“My husband and I don’t want a reporter at our residence, for confidentiality purposes,” Christi Becker says when I ask if I can set up an interview with her and her friends, so we agree to a neutral meeting place, the St. Cloud, Minnesota, public library. I’m on the first leg of what will stretch into a many-month journey to understand the new restlessness of conservative women. It’s a cold October afternoon in 2010, and a hard rain pounds the sheet glass windows of the second-floor conference room where we’ve gathered, snacks in hand, a jumble of purses and cell phones on a table in the back. From here we can see Lake George and its surrounding park, the place where this previously apolitical group of moms attended their first Tea Party Patriots rally—which so stirred them up that they soon signed up for a 23-hour bus ride to Washington, D.C., in November 2009, to protest the health care bill.
Becker, a trim woman in a miniskirt and high-heel boots, pops a baby carrot in her mouth and leans forward as she describes the moment of her political awakening. “I realized it wasn’t organizations organizing the buses” going to D.C., she says. “It was two moms. At the time, I was totally broke. But I just felt so strongly about it.” The trip from Minnesota cost $200, so Becker, a freelance artist, asked her parents to “sponsor” her, which they did. “My husband thought I was crazy,” she says.
Tracy O’Connor, another recently converted activist, also went to the D.C. protest, after learning about it on a conservative website called As a Mom. “It was Friday night, and I’m like, ‘We need to get in the car right now and get down there!’ ” O’Connor says. Her political awakening occurred around the time Barack Obama became president, which is when she started visiting As a Mom. Founded by Lori Parker, a Texas mother of four, the members-only site dubs itself “a sisterhood of mommy patriots” and says it aims to “mobilize principled mothers” and “stand up for our nation’s Constitution.” It became a hit after Parker made an appearance on the Glenn Beck program in 2009 and the clip went viral on -YouTube; the site has since become a gathering place for women who want to air their grievances about government. “I felt the things that made this country great were being systematically crushed, and I just felt helpless,” says O’Connor, whose son served in Iraq. “I had these views for so long, but I felt alone. People agreed with me, but they weren’t passionate about it like I was.”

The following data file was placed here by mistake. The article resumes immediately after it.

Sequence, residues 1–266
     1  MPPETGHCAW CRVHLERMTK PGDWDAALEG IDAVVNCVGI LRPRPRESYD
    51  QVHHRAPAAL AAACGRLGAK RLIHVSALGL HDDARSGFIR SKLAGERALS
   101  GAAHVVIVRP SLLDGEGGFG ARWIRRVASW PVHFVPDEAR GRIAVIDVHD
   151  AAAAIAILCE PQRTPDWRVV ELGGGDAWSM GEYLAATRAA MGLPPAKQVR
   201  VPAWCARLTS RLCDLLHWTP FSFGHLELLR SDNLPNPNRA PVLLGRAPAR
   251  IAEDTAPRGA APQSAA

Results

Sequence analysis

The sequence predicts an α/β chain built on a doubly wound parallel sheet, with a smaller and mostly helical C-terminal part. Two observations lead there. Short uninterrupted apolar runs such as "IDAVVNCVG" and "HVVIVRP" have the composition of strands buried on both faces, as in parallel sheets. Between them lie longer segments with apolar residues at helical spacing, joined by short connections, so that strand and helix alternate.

“Nobody was talking about it,” says Becker.
“Nobody was doing anything,” says Berni Doll, Becker’s mother.
Conversations with other women on As a Mom made O’Connor feel part of an instant community. “I was like, ‘Yeah! That’s how I feel, too!’ ” she says. Suddenly she couldn’t sit at home anymore. “Conservative women, we didn’t get up and start moving around until we felt like, ‘This is it . . .’ when you feel like your kids’ future is threatened.” Besides opposing the health care bill, O’Connor blames Obama for the country’s economic troubles. She has become politically active as a way of protecting her children, and she says her 23-year-old son, who is back from the war, feels the same. “He brings up stuff that I didn’t know,” she says. “He plans on voting this year for the first time.”
Becker is equally critical of Obama. “The health care bill is not a health care bill. It’s a big tax bill,” she says. She has always been conservative but got more involved after one of her daughter’s teachers showed his eighth-grade class Al Gore’s An Inconvenient Truth without letting them know that some scientists dispute the message of the film. “He wanted to know why I was asking all these questions,” she says. “Well, I’m her parent. I want to know what you’re telling her in class!”
“All this is part of worrying about what world we’re going to have for our children,” Doll says. “I have a great-granddaughter in this city.”